Other forms of smoked tobacco are remain popular, however. The use of hookah water pipes and small cigars has raised public health concerns and has recently been added to the MTF survey. In 2012, 18.3 percent of 12th graders had smoked a hookah in the past year, and 19.9 percent had smoked a small cigar.
Complete MTF survey results are available at www.monitoringthefuture.org. For more information on the survey and its findings, also visit www.drugabuse.gov/related-topics/trends-statistics/monitoring-future.
Other sources of information on drug use trends among youth are available:
The annual National Survey of Drug Use and Health, conducted by the Substance Abuse and Mental Health Services Administration, gathers detailed data on drug, alcohol, and tobacco use by all age groups. It is a comprehensive source of information on substance use and dependence among Americans aged 12 and older. Data and reports can be found at www.oas.samhsa.gov/NSDUHLatest.htm.
The Youth Risk Behavior Survey is a school-based survey conducted every other year by the Centers for Disease Control and Prevention. It gathers data on a wide variety of health-related risk behaviors, including drug abuse, from students in grades 9–12. More information is available at www.cdc.gov/nccdphp/dash/yrbs/index.htm.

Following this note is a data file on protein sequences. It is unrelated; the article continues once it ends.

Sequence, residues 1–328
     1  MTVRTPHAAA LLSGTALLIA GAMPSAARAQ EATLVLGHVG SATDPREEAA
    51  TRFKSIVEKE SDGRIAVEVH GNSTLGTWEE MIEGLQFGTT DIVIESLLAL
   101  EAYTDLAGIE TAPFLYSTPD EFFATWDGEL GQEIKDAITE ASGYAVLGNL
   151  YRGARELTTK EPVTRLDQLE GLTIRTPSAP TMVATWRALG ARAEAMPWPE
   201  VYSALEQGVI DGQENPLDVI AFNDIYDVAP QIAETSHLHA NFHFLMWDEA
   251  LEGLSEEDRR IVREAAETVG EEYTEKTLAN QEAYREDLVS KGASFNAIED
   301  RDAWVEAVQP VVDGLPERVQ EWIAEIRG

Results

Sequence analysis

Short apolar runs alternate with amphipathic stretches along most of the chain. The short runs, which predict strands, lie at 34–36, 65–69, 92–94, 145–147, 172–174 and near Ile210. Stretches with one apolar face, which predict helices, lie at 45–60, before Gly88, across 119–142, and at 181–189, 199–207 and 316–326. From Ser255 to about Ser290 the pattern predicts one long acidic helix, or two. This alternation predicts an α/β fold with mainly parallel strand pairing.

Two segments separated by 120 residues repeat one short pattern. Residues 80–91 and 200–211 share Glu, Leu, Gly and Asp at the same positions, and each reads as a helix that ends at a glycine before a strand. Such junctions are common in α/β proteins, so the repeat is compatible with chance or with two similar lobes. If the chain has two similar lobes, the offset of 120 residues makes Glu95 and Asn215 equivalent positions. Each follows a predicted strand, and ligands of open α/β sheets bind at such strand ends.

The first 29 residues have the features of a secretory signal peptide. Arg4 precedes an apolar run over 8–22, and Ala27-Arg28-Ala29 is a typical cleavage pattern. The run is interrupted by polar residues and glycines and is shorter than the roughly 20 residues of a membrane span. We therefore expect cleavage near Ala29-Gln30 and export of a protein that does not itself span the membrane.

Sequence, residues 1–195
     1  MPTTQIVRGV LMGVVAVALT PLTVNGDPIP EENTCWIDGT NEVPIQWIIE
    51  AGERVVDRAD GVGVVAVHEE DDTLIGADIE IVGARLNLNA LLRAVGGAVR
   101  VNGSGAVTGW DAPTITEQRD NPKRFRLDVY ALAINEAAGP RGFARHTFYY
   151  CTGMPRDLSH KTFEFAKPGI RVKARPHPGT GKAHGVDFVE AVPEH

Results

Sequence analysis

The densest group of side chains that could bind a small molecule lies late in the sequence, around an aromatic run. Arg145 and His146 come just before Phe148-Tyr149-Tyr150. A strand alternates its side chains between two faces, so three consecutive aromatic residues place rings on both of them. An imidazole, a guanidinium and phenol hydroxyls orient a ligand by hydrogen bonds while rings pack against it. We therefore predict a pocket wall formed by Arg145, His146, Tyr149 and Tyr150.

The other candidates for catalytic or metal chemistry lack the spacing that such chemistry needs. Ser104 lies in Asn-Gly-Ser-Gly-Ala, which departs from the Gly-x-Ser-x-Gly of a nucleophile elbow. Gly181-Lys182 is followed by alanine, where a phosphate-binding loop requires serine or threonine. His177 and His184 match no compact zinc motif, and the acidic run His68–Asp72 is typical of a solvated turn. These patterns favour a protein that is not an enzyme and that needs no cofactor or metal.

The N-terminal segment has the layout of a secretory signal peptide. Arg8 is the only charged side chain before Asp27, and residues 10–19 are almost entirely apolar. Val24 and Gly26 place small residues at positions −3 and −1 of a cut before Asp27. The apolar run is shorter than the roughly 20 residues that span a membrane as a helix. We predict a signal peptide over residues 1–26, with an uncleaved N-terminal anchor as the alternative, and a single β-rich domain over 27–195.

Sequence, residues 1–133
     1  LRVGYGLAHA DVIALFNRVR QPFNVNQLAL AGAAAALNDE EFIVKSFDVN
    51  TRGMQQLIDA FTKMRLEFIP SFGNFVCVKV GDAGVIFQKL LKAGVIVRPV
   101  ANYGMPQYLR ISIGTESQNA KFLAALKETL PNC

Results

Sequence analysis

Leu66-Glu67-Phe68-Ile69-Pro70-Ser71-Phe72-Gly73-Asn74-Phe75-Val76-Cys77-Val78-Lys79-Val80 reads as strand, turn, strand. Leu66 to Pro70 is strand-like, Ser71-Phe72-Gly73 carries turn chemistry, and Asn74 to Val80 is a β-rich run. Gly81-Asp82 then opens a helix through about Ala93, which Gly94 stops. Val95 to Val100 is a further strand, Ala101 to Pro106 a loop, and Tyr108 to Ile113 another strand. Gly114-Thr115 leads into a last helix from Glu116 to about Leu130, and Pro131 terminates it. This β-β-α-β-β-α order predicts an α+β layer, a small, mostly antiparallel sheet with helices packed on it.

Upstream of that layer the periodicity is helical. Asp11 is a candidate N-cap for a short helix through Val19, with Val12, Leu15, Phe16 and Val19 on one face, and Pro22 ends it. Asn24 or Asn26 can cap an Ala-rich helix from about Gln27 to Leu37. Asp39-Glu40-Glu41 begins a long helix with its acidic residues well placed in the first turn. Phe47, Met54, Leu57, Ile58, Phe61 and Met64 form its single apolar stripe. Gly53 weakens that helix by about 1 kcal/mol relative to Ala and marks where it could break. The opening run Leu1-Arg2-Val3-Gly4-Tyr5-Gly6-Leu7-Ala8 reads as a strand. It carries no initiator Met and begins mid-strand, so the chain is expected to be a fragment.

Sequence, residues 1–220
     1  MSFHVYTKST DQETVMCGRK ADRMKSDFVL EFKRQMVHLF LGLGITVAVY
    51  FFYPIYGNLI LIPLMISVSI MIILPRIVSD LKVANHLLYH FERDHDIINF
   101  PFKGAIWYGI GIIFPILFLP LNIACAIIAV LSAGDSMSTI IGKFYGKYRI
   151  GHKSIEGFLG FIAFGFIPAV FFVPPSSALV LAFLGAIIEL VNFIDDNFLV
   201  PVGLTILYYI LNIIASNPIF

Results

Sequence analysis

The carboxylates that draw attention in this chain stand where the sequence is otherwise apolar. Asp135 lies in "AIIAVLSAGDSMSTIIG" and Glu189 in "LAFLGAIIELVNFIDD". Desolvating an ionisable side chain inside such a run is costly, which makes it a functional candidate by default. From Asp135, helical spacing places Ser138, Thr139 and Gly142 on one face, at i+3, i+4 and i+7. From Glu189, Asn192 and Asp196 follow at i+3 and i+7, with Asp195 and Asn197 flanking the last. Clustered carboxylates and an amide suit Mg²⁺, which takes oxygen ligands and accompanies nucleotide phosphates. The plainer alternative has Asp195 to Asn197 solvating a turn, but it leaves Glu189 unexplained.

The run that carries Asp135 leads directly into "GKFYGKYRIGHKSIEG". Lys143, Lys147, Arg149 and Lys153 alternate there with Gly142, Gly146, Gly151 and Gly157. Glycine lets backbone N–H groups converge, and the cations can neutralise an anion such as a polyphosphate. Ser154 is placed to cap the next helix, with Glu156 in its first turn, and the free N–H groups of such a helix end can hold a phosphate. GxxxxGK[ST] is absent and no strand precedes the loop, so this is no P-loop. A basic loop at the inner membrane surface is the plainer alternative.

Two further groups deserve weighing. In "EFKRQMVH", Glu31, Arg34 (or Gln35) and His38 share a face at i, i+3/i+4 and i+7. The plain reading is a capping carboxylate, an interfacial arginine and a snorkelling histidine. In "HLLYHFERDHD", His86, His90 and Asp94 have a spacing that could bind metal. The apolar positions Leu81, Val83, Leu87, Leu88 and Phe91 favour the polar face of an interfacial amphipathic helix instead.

About the Survey
Since 1975, the MTF survey has measured drug, alcohol, and cigarette use and related attitudes among 12th graders, nationwide. In 1991, 8th and 10th graders were added to the survey. Survey participants report their drug use behaviors across three time periods: lifetime, past year, and past month. Overall, 45,449 students from 395 public and private schools in the 8th, 10th, and 12th grades participated in the 2012 survey.
The survey is funded by NIDA and conducted by the University of Michigan. Results from the survey are released each December.
As a result of scientific research, we know that addiction is a disease that affects both brain and behavior.